When children first come to the practice, they often give them more frequent recalls initially to get them used to the dentist. Subsequent recalls are extended out to a six-month recall after the first few visits and then to 12 months if they still have low risk of poor oral health.

Recalls for adults are based on clinical findings during the examination, with hygiene as a massive factor. People with higher levels of deprivation are often on a faster initial recall, some on three months but many are seen a number of times over a few weeks, as they address issues such as damage caused by smoking. Once their oral health is stable, they will go on to a six-month recall, with a radiograph in a year or less, if the dentist is concerned about the rate of decay.

While the dentist and the patient agree the recall intervals appropriate to them, the hygienist and therapist are also involved in the patients’ care. Skill mix is particularly useful where patients need to be recalled more often because of high risk. The hygienist at the practice has just started doing their own examinations.

Jennifer explained that the system is straightforward for team members to use: “It is simple for team members to amend recalls as needed – in the software when they mark a treatment as complete they can then set a recall of 3, 6, 9, 12 months or 2 years, or a specific date if necessary. Anyone carrying out treatment can set that.

“We held a couple of training sessions with staff to ensure everyone is on the same page and understands what we are doing and why.”

Outcomes and results

“We brought in the recall intervals for NHS patients in the summer and feedback has been positive,” said Jennifer. “We haven’t had any real push back from patients to the recall changes, as they know they can call us at any time.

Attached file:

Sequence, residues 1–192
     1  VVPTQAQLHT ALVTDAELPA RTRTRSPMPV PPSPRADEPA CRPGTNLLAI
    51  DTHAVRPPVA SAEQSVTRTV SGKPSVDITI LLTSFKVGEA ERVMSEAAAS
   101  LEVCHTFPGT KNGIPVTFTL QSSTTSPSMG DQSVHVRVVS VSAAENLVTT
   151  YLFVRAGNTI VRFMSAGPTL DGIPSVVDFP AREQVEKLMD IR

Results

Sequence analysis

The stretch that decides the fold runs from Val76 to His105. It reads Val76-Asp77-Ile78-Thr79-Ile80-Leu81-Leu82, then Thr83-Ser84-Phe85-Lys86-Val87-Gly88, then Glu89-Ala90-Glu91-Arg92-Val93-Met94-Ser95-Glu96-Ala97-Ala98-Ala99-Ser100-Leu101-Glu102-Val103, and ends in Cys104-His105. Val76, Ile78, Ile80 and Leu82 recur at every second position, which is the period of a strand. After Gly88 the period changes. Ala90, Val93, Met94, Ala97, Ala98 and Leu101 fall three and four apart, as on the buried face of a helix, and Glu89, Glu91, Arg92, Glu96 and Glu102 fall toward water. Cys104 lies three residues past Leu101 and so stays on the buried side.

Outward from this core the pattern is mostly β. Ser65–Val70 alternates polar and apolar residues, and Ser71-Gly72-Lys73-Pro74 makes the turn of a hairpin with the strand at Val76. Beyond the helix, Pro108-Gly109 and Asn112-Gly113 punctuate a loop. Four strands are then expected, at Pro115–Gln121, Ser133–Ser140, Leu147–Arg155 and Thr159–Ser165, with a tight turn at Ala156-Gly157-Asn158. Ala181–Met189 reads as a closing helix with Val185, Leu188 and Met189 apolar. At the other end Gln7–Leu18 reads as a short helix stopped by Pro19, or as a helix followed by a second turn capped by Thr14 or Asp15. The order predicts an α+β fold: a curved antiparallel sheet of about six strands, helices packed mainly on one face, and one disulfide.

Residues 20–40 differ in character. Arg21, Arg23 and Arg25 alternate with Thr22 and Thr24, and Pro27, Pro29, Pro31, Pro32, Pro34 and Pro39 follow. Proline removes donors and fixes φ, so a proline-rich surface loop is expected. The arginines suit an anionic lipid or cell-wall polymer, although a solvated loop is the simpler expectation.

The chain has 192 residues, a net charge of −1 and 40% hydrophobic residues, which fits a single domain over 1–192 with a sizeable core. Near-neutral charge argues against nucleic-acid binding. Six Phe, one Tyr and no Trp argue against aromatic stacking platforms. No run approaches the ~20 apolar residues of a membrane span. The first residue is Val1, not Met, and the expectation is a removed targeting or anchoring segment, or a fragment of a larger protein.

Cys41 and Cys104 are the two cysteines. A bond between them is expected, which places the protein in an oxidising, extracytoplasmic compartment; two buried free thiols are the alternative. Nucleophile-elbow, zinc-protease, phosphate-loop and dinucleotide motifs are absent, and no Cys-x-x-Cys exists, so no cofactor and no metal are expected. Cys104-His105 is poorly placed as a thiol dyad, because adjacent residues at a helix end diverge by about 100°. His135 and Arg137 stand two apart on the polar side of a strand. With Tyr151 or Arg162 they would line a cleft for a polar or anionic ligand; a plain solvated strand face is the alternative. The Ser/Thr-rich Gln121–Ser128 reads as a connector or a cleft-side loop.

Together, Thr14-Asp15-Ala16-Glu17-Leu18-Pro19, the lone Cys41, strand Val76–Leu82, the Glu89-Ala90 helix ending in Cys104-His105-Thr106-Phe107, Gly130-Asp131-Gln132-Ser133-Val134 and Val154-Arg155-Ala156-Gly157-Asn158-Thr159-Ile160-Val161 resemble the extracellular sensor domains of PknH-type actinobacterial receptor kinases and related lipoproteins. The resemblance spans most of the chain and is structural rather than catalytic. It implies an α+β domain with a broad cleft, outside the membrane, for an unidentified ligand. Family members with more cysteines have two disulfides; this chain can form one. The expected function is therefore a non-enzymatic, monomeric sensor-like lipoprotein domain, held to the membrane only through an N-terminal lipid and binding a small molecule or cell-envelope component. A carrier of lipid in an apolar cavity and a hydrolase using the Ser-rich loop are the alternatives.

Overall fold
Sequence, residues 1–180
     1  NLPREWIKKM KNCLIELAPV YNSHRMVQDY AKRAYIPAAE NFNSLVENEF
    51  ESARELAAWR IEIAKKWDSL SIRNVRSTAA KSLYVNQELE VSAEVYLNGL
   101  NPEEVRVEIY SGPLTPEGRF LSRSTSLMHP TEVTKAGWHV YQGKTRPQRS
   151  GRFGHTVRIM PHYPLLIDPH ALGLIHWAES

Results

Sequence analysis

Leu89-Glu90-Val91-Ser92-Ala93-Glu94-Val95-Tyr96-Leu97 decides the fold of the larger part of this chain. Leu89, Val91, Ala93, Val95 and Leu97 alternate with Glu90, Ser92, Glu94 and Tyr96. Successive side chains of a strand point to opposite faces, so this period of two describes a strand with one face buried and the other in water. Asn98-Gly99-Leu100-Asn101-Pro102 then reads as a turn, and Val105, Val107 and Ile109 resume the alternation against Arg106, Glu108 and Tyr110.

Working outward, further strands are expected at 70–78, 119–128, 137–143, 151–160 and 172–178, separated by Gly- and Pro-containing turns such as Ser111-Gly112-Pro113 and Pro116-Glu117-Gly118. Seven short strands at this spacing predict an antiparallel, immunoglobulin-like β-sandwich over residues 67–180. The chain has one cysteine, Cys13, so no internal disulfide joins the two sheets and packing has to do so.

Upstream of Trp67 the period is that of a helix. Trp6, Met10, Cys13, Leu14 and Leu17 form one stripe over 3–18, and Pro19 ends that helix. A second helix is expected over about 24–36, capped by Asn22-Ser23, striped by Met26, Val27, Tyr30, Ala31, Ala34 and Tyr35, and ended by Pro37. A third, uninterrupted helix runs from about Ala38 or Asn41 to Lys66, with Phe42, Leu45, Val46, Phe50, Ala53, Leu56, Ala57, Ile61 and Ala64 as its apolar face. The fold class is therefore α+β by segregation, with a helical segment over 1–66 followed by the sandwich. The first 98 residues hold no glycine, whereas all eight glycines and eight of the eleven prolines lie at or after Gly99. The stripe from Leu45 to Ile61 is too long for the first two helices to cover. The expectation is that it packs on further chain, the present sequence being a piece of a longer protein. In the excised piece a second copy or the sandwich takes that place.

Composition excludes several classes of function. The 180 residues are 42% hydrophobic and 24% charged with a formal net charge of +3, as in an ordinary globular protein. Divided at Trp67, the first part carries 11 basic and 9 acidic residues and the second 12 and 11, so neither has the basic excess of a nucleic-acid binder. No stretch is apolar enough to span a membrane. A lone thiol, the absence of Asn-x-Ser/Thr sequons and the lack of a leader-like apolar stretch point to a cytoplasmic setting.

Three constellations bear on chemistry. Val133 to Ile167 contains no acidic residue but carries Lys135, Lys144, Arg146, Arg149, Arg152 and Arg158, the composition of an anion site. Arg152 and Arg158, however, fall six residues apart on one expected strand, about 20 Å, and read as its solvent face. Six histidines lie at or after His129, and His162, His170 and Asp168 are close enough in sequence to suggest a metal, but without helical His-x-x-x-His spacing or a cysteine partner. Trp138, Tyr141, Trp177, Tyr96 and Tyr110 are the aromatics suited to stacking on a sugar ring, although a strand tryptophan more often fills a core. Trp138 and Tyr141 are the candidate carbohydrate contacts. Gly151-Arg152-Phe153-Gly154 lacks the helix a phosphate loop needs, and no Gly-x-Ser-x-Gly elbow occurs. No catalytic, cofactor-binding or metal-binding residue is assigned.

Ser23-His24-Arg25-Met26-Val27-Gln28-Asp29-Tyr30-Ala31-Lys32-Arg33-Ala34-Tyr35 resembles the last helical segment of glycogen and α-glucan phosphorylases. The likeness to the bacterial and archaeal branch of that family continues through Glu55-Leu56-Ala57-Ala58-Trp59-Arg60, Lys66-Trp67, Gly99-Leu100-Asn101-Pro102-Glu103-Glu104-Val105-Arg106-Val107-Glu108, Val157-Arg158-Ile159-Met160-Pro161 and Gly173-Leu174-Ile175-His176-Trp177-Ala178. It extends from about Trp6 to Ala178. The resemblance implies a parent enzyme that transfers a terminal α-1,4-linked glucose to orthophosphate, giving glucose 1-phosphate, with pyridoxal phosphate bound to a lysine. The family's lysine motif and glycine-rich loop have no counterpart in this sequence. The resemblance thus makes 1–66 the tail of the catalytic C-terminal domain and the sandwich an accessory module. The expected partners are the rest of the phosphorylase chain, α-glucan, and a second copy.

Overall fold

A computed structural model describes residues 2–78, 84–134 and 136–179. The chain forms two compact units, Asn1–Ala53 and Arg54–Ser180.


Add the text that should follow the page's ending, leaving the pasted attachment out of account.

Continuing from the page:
“I think the disruption during Covid has proved to most people that there is no real difference in waiting a little longer for a check- up if they look after their oral health.”

The practice has been seeing more NHS patients overall since introducing personalised recalls, with around four to five new patients attending each week.

They have been able to take on more patients by following the NICE guidelines, although they have no physical room to expand the team.

Take away tips for implementation for dentistry teams

  • Your team won’t need a huge amount of training – a simple selection within the software can change the recall interval, if necessary, judged on their skill base
  • Ensure all your team members are aware of how decisions on recalls are made so they can explain them to patients
  • Patients tend to be happy for recalls to be pushed back if they are reassured that it is safe and they can request an earlier appointment if they want to
  • Stagger recalls to manage numbers and target those patients most in need.


Jennifer believes that if these changes had been introduced by their practice pre-pandemic they may have been received differently. “As it is, people have become accustomed to a longer time between check-ups and seem to be happy. We are doing our best to provide the care our patients need given the local levels of relatively poor oral health, especially through our focus on recalling children first. Getting the balance right between urgent and preventive care is key to dealing with current health issues and promoting a future of better oral health.”

Find out more

To find out more contact: